Insulin receptors (IR) and IGF-I receptors (IGF-IR) have been shown to form hybrid receptors in tissues coexpressing both molecules. To date there is no information about the distribution of hybrids in tissues of normal or diabetic subjects. We developed a microwell-based immunoassay to quantitate hybrids in small human tissues samples. Microwells were coated with MA-20 anti-IR antibody or alpha-IGF-IR-PA antibody directed against the IGF-IR alpha-subunit, and incubated with skeletal muscle extracts of patients with noninsulin-dependent diabetes mellitus (NIDDM) and normal controls. Immobilized receptors were incubated with 125I-insulin or 125I-IGF-I in the presence or absence of the two unlabeled ligands. Hybrids were quantified as the fraction of 125I-IGF-I binding immunoadsorbed with MA-20 and expressed as percentage of total IGF-IR (type I+hybrids) immobilized with alpha-IGF-IR-PA. The immunoassay was validated using Western blotting analysis. Relative abundance of hybrids detected in NIDDM patients was higher than in controls. The percentage of hybrids was negatively correlated with IR number and in vivo insulin sensitivity measured by an insulin tolerance test, whereas the percentage was positively correlated with insulinemia. Insulin binding affinity was lower in NIDDM patients than in controls, and was correlated with the percentage of hybrids. Maximal IGF-I binding was significantly higher in muscle from NIDDM patients compared to controls and was positively correlated with the percentage of hybrid receptors whereas IGF-I binding affinity did not differ between the two groups. These results raise the possibility that alterations in expression of hybrid receptors may contribute to decreased insulin sensitivity, and to increased sensitivity to IGF-I. Because IGF-I has been proposed as a hypoglycemic agent in NIDDM, these results are relevant to the development of new approaches to the treatment of insulin resistance of NIDDM.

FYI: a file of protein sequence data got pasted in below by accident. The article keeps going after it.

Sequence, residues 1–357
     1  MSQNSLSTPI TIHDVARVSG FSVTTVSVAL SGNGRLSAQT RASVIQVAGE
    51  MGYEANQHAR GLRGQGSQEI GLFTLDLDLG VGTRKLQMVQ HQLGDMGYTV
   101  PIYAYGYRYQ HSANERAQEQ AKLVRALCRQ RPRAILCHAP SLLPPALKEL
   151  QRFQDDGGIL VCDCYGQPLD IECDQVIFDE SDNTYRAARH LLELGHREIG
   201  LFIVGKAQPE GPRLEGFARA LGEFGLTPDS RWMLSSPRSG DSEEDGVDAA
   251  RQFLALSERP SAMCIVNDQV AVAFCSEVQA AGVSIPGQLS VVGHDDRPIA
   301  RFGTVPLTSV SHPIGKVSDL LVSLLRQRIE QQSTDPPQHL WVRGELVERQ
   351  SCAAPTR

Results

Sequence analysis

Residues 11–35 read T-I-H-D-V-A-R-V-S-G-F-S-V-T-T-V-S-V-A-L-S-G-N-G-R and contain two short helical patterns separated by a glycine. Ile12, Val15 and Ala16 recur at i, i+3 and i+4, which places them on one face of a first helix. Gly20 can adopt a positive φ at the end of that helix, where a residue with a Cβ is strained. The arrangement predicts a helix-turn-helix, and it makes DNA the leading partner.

M Federici, L Zucaro, O Porzio, R Massoud, P Borboni, D Lauro, G Sesti